By Eva Kusuma Sundari
While a renewed humanitarian crisis was beginning to unfold in Myanmar’s Rakhine State in late August, member countries of the Association of Southeast Asian Nations were busy having a party at the SEA Games in Kuala Lumpur in Malaysia.
In the days since Rohingya militants attacked police outposts on 25 Aug, tens of thousands of civilians have been forced to flee as the military has moved in and violence escalates. Eyewitness testimonies and photos, videos and satellite images obtained by rights groups and journalists indicate the commission of serious atrocities, including widespread killings and burning of entire villages.
The death toll reported by the government has already surpassed that of the violence that engulfed Rakhine State in 2012, as well as more recent violence that began last October, and the official statistics very likely underreport the total number of casualties. With no signs that the Myanmar military or government is working to deescalate tensions, the situation is likely to deteriorate further. And yet, action from ASEAN and its member governments has been limited.
The Malaysian and Indonesian governments — to their credit — have issued statements calling for restraint, as well as measures to be taken to protect civilians. Indonesia’s Foreign Minister Retno Marsudi also visited Myanmar this week to discuss the crisis with officials behind closed doors.
But other ASEAN governments have simply ignored the issue in an attempt to sidestep their responsibilities. In a meeting with Myanmar army commander-in-chief Min Aung Hlaing last week in the midst of the crisis, Thai Prime Minister Prayut Chan-o-cha vowed not to intervene, describing the situation as Myanmar’s “domestic affairs”.
But the scale of the current crisis, as well as past precedent, clearly demonstrates that the situation is not simply a “domestic affair” and has the potential to directly impact other ASEAN member states. The region got a taste of this in 2015, when thousands of Rohingya refugees were stranded in boats in the Andaman Sea, having fled deplorable conditions and state-sponsored persecution in their native Rakhine.
During a previous bout of violence in 2012, then-secretary-general of ASEAN, Surin Pitsuwan, warned that the issue could lead to radicalisation and further destabilise the region. The underlying dynamics remain unchanged since 2012, and we are beginning to see Dr Surin’s words come to fruition. If the situation now is to be resolved and innocent civilians protected, ASEAN needs to speak louder, with one voice, and take action.
The basis for such action should be the recommendations of the Advisory Commission on Rakhine State, headed by Kofi Annan, which were delivered to the Myanmar government on 24 Aug. The recommendations, including those to foster inter-communal dialogue and ensure accountability for past rights violations, are aimed at addressing root problems and promoting sustainable solutions. ASEAN should commit to working with the government to implement them.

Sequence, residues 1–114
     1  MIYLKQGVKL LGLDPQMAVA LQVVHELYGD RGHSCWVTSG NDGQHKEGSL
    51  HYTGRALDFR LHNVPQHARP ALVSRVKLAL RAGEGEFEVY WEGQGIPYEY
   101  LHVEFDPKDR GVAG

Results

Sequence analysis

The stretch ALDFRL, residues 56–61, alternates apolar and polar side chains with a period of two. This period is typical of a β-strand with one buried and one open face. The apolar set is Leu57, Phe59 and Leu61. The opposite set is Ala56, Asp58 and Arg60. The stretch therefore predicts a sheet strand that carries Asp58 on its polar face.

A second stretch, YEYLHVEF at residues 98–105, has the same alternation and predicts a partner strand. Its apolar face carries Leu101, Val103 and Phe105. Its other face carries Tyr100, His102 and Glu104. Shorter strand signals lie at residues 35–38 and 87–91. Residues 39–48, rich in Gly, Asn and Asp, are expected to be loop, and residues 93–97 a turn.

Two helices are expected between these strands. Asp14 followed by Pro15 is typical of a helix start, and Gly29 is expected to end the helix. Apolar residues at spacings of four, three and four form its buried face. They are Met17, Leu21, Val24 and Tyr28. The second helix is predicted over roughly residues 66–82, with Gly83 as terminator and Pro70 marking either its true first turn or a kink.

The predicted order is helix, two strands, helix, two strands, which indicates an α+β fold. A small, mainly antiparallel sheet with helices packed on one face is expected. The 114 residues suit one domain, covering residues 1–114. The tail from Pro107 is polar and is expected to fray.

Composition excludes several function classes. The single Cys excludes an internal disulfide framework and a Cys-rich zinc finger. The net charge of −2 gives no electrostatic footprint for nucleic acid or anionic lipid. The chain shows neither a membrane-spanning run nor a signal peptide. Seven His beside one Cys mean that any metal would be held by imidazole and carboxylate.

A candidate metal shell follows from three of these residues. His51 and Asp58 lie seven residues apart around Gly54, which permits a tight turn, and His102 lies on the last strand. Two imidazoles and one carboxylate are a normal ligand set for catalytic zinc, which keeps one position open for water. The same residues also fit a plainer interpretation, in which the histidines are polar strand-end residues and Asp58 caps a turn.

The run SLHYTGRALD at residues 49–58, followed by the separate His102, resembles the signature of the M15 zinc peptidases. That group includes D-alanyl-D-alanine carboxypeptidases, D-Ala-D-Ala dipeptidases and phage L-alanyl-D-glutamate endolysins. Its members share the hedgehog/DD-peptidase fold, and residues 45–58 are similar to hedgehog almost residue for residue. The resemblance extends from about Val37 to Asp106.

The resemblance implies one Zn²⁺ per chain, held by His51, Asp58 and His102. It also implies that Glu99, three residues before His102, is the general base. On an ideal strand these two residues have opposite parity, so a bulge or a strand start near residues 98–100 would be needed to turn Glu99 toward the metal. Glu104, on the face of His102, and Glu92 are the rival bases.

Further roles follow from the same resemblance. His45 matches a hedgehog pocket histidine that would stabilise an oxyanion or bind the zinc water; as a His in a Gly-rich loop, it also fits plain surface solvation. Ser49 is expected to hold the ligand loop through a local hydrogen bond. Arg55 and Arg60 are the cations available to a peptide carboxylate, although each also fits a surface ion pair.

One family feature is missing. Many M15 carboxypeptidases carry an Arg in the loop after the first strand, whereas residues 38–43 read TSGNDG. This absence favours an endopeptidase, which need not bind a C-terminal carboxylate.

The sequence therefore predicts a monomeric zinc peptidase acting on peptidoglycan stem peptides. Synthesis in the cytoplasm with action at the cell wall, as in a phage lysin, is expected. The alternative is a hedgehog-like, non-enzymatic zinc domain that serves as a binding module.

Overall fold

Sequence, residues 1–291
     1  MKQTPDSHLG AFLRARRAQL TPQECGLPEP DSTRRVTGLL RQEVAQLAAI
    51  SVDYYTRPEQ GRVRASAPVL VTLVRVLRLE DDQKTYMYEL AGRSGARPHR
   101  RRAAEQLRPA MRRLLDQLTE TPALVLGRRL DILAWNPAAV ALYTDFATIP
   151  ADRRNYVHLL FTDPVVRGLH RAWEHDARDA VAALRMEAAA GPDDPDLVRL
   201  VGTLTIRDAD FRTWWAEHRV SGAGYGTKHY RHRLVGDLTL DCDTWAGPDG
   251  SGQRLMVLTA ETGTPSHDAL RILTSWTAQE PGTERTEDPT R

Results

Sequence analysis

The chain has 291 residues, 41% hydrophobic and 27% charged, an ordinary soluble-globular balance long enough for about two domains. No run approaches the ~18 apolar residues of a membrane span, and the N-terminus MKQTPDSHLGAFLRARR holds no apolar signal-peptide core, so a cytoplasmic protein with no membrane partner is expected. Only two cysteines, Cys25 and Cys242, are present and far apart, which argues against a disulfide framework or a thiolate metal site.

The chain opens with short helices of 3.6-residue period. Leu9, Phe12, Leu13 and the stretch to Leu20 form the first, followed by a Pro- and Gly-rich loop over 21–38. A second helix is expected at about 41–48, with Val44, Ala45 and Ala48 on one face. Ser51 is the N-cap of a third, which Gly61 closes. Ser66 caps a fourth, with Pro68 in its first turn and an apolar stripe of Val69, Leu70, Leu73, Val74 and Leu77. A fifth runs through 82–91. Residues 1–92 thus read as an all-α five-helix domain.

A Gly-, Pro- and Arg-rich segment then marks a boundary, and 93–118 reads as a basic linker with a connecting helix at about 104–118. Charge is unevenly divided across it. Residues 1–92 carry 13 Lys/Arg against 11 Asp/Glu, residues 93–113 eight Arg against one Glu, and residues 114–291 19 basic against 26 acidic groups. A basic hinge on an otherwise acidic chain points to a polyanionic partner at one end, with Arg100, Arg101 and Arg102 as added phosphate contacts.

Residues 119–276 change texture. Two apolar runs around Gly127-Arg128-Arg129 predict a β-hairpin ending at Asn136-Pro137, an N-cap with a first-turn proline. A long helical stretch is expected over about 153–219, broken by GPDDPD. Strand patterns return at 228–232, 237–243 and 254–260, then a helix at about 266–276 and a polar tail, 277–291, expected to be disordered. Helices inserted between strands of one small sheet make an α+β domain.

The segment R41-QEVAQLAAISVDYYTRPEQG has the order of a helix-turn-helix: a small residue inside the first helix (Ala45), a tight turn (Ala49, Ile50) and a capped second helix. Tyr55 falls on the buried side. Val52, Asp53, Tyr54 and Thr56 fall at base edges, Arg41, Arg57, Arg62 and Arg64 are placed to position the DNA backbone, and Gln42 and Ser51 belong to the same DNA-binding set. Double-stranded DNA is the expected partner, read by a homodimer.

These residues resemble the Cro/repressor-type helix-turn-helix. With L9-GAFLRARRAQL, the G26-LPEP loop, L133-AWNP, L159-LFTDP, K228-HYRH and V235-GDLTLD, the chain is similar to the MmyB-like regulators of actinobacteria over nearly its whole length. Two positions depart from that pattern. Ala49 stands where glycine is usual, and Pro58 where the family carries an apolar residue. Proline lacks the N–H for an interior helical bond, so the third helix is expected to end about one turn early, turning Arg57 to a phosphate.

ASEAN should also take note of the power dynamics at play. A great deal of international anger has thus far fallen on Aung San Suu Kyi, who leads Myanmar’s civilian government as state counsellor. As a Nobel Peace Prize laureate, it is deeply disappointing to see her failing to stand up for basic human rights, and to see her office spread false narratives implicating aid workers in terrorism.
But it is critical that more international attention, including from ASEAN, also focus on the role of military Commander-in-Chief Min Aung Hlaing. He — not the State Counsellor – has direct control over all of Myanmar’s security forces, and he — not the State Counsellor — has the direct power to stop the massacres and end the crisis. In the absence of significant pressure, however, it appears unlikely he will do so. Speaking to soldiers and others on 1 Sept, Snr Gen Min Aung Hlaing said, “The Bengali problem was a long-standing one which has become an unfinished job,” employing a derogatory term to describe the Muslim population in Rakhine that even Ms Suu Kyi previously said makes “it very difficult for us to find peaceful and sensible resolutions to our problems”. Even more troublingly, his remarks foreshadow further horrors to come.
ASEAN has a collective responsibility to protect all civilians and promote longterm peace in Rakhine State. If the regional grouping really intends to promote successful economic and social integration, it cannot allow this problem to fester any longer.
We are far past the point of quibbling over “non-interference”. It is time for ASEAN to act. The regional body should immediately convene an emergency meeting to discuss the situation and take measures to ensure that civilians are protected. It should also work with the Myanmar government to implement the recommendations of the Rakhine Commission with haste.
Eva Kusuma Sundari is a member of the House of Representatives of Indonesia and a Board Member of ASEAN Parliamentarians for Human Rights.
This article was originally published in The Bangkok Post.